& # 39; Mezcal whisperer & # 39; Jay Schroeder, who leads a new six-day tequila tour for holidaymakers
As the saying goes in Mexico: "Because everything is bad, mezcal, and that is also good."
And long before it became the number one mezcal drink, Tequila was a place.
The city in the western state of Jalisco made so delicious mezcal in the 16th century that the word spread far and wide.
It wasn't long before the spirit that was produced there became known simply as tequila and unlike any other mezcal – which can be made from a wide range of agave cactus – tequila can only be made from blue agave.
For years, tequila has built a reputation as a foul taste with salt and lemon just to get drunk – a reputation that exists today in many parts of the world.
But a new tour for holidaymakers will blow that outdated image from the bottom of the saying.
The Te Amo Tequila Tour is designed to cater to the novice mezcal drinker and to preserve the most dedicated content from tequila enthusiasts. It will learn about the miracles of the mind.
Designed and led by "mezcal whisperer" and the famous mixologist Jay Schroeder, the highlight of the six-day tour will be a visit to the legendary birthplace of tequila.
Once in the city of Tequila, travelers stay in the eclectic Matices Hotel de Barricas and sleep in gigantic tequila barrels. And guests are taken on the La Cata Tequila tasting & pairing tour, a horseback ride and a tour of the Orendain distillery.
Travelers will also visit Puerto Vallarta – another hotspot in the country of Tequila – and stay at the five-star resort Secrets Vallarta Bay.
While there, Schroeder takes guests on a Mexology tour, a Noble Corazon Tequila tasting and a tour through Oscar’s Distillery.
Jay & # 39; s itinerary includes a stay at the five-star Vallrets Bay resort (photo)
Vallarta is also right on the beach and hidden between two tropical mountain ranges and offers a vibrant culture – where a sip of tequila along with charros and mariachi music will be the order of the day.
For Schroeder, the tour is the culmination of a deep-rooted passion for mescal.
And in an exclusive interview with DailyMail.com, he explains how tequila has reinvented itself in recent decades and is already undergoing a taste revolution.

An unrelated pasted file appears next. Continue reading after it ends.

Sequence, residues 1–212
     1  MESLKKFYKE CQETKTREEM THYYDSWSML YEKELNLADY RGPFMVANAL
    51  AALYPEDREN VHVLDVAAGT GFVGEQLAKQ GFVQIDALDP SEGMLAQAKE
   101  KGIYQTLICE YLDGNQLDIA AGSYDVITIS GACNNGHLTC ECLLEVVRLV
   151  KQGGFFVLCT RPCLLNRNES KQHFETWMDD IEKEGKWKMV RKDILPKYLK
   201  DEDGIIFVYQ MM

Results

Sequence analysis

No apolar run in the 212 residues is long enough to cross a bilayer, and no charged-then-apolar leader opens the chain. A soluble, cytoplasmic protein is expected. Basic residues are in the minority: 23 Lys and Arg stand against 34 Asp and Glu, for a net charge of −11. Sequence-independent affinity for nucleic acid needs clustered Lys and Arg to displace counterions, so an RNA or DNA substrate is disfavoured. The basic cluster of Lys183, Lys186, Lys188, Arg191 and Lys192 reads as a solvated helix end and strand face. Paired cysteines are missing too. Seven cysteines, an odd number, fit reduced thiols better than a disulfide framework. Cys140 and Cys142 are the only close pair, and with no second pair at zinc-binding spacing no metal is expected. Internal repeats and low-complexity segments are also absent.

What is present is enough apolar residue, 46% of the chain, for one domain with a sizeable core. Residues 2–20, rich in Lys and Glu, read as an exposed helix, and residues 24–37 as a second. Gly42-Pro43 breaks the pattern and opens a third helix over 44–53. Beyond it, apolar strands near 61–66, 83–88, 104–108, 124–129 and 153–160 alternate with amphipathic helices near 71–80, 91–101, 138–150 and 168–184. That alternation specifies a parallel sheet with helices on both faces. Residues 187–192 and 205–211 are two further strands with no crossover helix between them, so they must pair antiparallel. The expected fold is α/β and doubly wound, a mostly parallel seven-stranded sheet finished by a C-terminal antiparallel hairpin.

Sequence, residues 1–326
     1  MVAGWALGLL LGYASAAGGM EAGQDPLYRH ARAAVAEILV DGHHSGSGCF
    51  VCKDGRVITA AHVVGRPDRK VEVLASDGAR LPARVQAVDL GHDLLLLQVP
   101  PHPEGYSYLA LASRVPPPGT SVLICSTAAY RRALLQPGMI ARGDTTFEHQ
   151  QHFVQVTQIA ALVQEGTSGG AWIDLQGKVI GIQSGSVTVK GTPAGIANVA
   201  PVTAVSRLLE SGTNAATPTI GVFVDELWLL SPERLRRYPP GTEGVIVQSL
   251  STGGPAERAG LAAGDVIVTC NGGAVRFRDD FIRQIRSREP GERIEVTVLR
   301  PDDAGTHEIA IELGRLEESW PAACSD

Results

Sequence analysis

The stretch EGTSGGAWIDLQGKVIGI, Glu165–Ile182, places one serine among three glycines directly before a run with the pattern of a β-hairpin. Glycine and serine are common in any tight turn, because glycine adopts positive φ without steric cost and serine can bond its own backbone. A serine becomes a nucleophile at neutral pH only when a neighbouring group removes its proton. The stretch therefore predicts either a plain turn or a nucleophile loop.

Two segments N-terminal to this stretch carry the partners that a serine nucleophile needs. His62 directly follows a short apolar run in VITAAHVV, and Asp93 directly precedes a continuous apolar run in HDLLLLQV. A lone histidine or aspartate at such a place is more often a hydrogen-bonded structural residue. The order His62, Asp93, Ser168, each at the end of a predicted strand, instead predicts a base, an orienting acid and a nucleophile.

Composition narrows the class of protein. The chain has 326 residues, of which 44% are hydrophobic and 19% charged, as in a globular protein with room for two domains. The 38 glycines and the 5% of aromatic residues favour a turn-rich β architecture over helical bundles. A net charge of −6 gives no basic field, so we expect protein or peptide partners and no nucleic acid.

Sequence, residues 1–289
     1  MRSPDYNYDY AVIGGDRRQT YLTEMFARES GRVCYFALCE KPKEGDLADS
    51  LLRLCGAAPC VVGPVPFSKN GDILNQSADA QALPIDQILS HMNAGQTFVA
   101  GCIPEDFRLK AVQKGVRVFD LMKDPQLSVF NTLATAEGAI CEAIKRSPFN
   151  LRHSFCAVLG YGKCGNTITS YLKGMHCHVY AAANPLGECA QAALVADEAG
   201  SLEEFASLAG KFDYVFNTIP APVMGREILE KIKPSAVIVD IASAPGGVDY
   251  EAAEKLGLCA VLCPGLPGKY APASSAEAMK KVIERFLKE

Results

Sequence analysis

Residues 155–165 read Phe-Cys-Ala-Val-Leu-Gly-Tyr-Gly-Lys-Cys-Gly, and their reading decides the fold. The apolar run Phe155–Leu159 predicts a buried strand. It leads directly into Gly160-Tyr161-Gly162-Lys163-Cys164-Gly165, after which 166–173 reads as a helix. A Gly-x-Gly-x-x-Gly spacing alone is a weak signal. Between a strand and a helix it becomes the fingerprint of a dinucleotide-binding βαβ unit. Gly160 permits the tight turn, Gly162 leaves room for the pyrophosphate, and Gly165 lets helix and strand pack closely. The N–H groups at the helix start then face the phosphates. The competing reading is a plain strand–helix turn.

According to Schroeder, over the past 30 years 100 percent agave tequila has grown and matured into a spirit that can be tasted for its taste and taste – a spirit that is enjoyed for the nuances between one tequila and the other instead of the powerful spirit we have all beaten at the bar.
And thanks to celebrities like George Clooney – who led the revolution – tequila has enjoyed popularity all over the world.
The Hollywood star started Casamigos on a whim four years ago with Cindy Crawford & # 39; s entrepreneur husband Rande Gerber and real estate developer Mike Meldman.
Casamigos, loosely translated from Spanish as & # 39; friends house & # 39 ;, won countless awards for superior taste and smoothness of texture, and sales climbed quickly.
In 2017, Clooney and his partners sold the premium tequila brand for no less than $ 1 billion to the British beverage company Diageo PLC.
Once in the city of Tequila, tourists stay in the eclectic Matices Hotel de Barricas and sleep in huge tequila barrels
The barrels of Matices Hotel de Barricas are in an agave field. It is certainly a unique place to stay
Clooney & # 39; s dive into the world of spirits led other stars to launch tequila brands.
These include Hollywood actor Dwayne "The Rock" Johnson, Backstreet boys, Adam Levine and AC / DC rockers, country star Toby Keith and pop icon Justin Timberlake, as well as a series of top rappers.
Schroeder, known as the "agave whisperer" for his encyclopedic knowledge of the mescale drink, which he stored in a groundbreaking book called "Understanding Mezcal," said celebrities have helped bring tequila to the forefront.
He said: "The involvement of celebrities has been good, bad and ugly, but it has certainly changed the public perception of tequila for good and bad.
& # 39; And it goes without saying that the transition from tequila is seen as a kind of very proletariat to develop the reputation that it is something that can be of substantial quality. & # 39;
A mixologist in Vallarta shows off his skills. On Vallarta, Schroeder takes guests on a Mexology tour, a Noble Corazon Tequila tasting and a tour of Oscar’s Distillery
Schroder points to the emergence of tequila powerhouse Patrón as an example of a significant change in brand perception.